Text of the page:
No single factor impacts stumpage prices more than precipitation. Despite the catastrophic effects of hurricanes Harvey and Irma, most of the US South has already experienced a wetter-than-average summer season as illustrated in the map below, which makes the added rainfall and flooding from these storms even more devastating on many levels. As we noted in an in-depth analysis of South Carolina’s abnormally high precipitation due to hurricane Joaquin in October 2015, such events create a slew of challenges for facilities that rely upon wood raw materials.
Over the past 24-month period, pine pulpwood stumpage prices have been on a downward trend; Figure 1 shows this trend on a monthly basis, and Figure 2 shows the precipitation as well as pine pulpwood stumpage prices for that past 24-month period.
While the two lines do not mirror each other exactly, some parts appear to be correlated. Precipitation strongly increased between September and November 2015; pine pulpwood stumpage price followed suit, though it lagged by one to two months. Prices spiked in October 2015 through January 2016. Between that point and February 2017, actual precipitation demonstrated some volatility but was generally on a downward trend. Stumpage price also showed some volatility but followed the same downward trend. But beginning in February 2017, precipitation showed another strong upward surge that lasted through July 2017. Once again, pine pulpwood stumpage price appears to mirror the upward trend, however, with a 3-month delay beginning in May 2017.
In order to get a better visualization and to help understand the patterns of long-term average monthly precipitation, it’s helpful to look at individual long-term monthly average precipitation and actual monthly precipitation, which is charted in Figure 3 below.
The first 12-month period (Sep. 2015 – Aug. 2016) only had a few short periods where precipitation was below the long-term averages. The second 12-month period (Sep. 2016 – Aug. 2017) started strongly below the long-term averages from the beginning until March 2017. Figure 4 shows the same data in a format that minimizes some of the noise in order to get a better handle on what is actually happening. In this case, precipitation averages were calculated for the two 12-month periods and charted along with the long-term average.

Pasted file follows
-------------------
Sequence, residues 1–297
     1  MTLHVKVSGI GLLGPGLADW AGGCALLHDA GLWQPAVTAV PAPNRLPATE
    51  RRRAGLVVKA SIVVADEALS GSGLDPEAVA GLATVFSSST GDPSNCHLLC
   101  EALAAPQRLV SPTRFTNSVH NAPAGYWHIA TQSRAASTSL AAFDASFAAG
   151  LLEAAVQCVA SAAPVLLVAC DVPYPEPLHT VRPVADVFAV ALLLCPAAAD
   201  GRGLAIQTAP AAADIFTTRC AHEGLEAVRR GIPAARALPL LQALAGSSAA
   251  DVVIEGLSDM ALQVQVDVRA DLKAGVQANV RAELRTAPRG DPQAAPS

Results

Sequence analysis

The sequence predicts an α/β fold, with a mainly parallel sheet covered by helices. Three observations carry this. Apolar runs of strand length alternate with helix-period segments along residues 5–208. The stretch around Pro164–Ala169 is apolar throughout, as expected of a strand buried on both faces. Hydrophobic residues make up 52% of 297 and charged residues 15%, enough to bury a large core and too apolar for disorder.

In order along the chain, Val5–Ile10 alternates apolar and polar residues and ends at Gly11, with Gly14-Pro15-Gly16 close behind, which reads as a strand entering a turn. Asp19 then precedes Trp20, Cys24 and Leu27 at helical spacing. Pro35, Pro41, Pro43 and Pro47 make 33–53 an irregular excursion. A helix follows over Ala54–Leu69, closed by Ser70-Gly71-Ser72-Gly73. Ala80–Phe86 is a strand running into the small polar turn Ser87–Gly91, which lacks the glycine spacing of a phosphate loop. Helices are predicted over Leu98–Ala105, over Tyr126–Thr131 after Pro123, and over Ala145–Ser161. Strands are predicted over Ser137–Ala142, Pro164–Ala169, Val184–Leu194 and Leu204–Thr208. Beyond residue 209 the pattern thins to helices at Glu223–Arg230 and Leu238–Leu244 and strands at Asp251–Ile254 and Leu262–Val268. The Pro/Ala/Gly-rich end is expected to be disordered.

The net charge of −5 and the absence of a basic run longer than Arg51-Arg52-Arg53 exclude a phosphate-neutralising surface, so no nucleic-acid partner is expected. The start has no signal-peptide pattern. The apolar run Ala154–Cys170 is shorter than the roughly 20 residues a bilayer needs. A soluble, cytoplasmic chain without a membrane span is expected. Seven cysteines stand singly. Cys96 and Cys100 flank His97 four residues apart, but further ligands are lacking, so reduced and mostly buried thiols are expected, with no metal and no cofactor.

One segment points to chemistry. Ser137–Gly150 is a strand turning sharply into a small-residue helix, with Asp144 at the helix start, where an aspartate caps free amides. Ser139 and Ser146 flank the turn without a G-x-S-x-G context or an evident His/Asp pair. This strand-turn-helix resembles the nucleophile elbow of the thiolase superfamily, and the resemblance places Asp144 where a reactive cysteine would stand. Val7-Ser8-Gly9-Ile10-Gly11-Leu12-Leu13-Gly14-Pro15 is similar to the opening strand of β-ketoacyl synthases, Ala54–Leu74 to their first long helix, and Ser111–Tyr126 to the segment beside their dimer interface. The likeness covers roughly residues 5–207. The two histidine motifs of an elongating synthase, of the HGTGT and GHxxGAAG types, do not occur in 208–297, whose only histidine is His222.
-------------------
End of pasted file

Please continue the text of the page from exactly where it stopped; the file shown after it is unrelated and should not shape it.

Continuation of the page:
The chart clearly indicates that precipitation during the first 12-month period was quite a bit above average. The second 12-month period was also above average, but to a much lesser degree. How does this relate to the pine pulpwood stumpage price? The same methodology was used for pine pulpwood stumpage price averages, which are illustrated in Figure 5.
US South average pine pulpwood stumpage price follows the same trend as precipitation, but more accentuated. Prices during the first 12-months ran higher than the long-term average, while the second 12-months fell below the long-term average. While Figure 5 accurately shows the precipitation/price trend, it may exaggerate the degree of reaction due to the lag period for stumpage price at the end of the period.
So what’s the lesson in this data? Keep your eyes on the skies. If precipitation continues on an upward trend, look for pine pulpwood stumpage price to also continue a lagging upward trend. However, if precipitation takes an extended downward trend, the upward trend in stumpage price may be short-lived.